History professor Ty Seidule's new book, Robert E. Lee and Me, follows his personal reckoning with the Confederacy he was raised to idealize. He will be in-conversation with Dr. Hilary Green.
“A beautiful, often searing meditation on race, history, and the American narrative. Evocative and provocative, Robert E. Lee and Me is honest, wry, and utterly engaging.”—Rick Atkinson, Pulitzer Prize-winning author of The British are Coming
About the book:
In a forceful but humane narrative, former soldier and head of the West Point history department Ty Seidule's Robert E. Lee and Me challenges the myths and lies of the Confederate legacy--and explores why some of this country's oldest wounds have never healed.
Ty Seidule grew up revering Robert E. Lee. From his southern childhood to his service in the U.S. Army, every part of his life reinforced the Lost Cause myth: that Lee was the greatest man who ever lived, and that the Confederates were underdogs who lost the Civil War with honor. Now, as a retired brigadier general and Professor Emeritus of History at West Point, his view has radically changed. From a soldier, a scholar, and a southerner, Ty Seidule believes that American history demands a reckoning.
In a unique blend of history and reflection, Seidule deconstructs the truth about the Confederacy--that its undisputed primary goal was the subjugation and enslavement of Black Americans--and directly challenges the idea of honoring those who labored to preserve that system and committed treason in their failed attempt to achieve it. Through the arc of Seidule's own life, as well as the culture that formed him, he seeks a path to understanding why the facts of the Civil War have remained buried beneath layers of myth and even outright lies--and how they embody a cultural gulf that separates millions of Americans to this day.
Part history lecture, part meditation on the Civil War and its fallout, and part memoir, Robert E. Lee and Me challenges the deeply-held legends and myths of the Confederacy--and provides a surprising interpretation of essential truths that our country still has a difficult time articulating and accepting.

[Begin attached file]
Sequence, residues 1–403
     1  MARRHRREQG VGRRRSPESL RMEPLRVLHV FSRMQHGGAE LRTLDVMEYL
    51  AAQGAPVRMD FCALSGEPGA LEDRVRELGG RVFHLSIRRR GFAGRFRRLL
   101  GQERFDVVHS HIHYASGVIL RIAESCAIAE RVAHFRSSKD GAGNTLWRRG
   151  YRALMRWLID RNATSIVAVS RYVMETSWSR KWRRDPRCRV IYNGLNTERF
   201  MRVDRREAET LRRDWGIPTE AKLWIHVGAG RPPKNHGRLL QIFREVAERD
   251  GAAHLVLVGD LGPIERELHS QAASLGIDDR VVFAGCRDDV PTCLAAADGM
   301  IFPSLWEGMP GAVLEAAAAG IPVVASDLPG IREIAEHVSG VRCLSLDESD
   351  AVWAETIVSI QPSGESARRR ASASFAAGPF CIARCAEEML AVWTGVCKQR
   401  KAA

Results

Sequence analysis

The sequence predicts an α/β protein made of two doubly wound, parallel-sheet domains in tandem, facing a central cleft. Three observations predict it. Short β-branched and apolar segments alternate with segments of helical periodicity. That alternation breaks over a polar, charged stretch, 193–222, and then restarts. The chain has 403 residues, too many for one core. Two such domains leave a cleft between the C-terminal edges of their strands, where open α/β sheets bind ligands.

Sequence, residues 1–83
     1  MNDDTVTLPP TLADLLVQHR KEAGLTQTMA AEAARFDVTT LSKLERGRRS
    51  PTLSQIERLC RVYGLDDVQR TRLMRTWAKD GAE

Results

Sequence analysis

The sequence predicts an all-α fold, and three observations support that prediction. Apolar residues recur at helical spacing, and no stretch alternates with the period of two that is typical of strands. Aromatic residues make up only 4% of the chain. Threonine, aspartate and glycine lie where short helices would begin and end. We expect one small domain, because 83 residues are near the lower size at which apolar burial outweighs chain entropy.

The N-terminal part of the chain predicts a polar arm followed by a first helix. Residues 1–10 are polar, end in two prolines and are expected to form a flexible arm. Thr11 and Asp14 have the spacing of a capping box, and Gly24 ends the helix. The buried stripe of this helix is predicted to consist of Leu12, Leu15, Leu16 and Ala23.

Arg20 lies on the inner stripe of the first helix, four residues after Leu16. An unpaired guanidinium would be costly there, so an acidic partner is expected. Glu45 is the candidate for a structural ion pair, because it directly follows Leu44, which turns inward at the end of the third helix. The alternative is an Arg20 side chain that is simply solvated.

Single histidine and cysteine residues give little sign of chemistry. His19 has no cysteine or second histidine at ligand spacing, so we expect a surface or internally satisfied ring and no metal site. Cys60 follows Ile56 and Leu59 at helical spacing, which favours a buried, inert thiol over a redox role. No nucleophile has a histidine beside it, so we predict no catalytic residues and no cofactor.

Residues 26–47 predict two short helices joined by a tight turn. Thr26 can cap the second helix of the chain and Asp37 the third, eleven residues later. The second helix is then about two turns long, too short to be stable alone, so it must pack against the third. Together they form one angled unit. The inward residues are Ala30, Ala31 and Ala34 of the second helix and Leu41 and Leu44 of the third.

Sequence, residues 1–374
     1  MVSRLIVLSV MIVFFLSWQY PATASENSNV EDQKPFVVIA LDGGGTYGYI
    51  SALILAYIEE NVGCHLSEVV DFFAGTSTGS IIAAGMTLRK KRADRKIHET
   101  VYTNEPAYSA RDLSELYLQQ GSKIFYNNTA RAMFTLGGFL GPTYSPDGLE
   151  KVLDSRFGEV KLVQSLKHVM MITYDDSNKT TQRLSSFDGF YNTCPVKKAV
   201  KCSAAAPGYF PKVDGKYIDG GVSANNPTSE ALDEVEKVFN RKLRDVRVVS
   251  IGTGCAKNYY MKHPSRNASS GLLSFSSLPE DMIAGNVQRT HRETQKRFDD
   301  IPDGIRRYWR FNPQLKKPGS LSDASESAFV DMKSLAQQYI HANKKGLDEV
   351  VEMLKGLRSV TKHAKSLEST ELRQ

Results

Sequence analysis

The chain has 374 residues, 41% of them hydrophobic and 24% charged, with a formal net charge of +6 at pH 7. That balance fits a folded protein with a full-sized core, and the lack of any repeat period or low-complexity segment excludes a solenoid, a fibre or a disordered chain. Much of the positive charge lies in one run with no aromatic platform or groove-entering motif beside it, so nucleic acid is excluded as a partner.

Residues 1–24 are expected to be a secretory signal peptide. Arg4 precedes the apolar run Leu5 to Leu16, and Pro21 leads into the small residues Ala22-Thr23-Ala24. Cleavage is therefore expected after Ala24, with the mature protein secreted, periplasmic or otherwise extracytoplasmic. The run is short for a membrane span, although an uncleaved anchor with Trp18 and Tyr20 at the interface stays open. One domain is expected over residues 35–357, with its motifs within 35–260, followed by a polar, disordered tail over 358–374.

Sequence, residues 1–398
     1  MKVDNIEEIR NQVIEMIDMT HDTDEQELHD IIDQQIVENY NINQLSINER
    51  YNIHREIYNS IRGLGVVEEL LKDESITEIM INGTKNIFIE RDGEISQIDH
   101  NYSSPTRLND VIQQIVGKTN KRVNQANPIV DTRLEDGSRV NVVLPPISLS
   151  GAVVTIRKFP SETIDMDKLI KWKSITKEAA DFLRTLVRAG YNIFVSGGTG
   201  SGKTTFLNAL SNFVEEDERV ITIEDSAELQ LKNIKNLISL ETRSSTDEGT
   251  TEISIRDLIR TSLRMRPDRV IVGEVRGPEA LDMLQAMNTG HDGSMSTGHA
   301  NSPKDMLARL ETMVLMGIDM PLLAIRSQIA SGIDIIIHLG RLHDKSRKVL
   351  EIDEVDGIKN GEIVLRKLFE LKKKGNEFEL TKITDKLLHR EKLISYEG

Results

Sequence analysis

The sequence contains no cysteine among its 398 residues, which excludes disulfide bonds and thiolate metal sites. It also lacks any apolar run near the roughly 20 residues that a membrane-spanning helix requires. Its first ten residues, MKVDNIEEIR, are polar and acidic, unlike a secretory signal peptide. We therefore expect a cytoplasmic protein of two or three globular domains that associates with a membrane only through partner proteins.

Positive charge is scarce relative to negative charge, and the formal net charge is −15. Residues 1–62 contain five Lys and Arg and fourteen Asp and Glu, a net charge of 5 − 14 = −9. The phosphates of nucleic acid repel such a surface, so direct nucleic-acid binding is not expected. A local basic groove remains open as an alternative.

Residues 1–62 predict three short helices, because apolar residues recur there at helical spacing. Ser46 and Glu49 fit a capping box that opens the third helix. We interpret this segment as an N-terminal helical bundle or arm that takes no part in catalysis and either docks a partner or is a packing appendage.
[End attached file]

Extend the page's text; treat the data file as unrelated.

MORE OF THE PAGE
About the author:
Ty Seidule is Professor Emeritus of History at West Point where he taught for two decades. He served in the U.S. Army for thirty-six years, retiring as a brigadier general in 2020. He is the Chamberlain Fellow at Hamilton College as well as a New America Fellow. He has published numerous books, articles, and videos on military history including the award-winning West Point History of the Civil War. Ty graduated from Washington and Lee University and holds a PhD from the Ohio State University.
Dr. Hilary N. Green is an Associate Professor of History in the Department of Gender and Race Studies at The University of Alabama. She earned her Ph.D. in History from the University of North Carolina at Chapel Hill. Her research and teaching interests include the intersections of race, class, and gender in 19th Century African American history, the American Civil War Era, Reconstruction Studies, Civil War Memory, and the Black Atlantic. She is the author of Educational Reconstruction: African American Schools in the Urban South, 1865-1890 (Fordham University Press, 2016) as well as articles, book chapters and other scholarly publications. She is the co-series editor of Reconstruction Reconsidered, a University of South Carolina Press series, a book review editor for the Journal of North Carolina Association of Historians, and a digital media editor to Muster, the online blog for the Journal of the Civil War Era. In January 2015, she developed the Hallowed Grounds Project, which explores slavery, memory and its legacy at the University of Alabama. In addition to several short publications, she is currently at work on a second book manuscript examining how everyday African Americans remembered and commemorated the Civil War.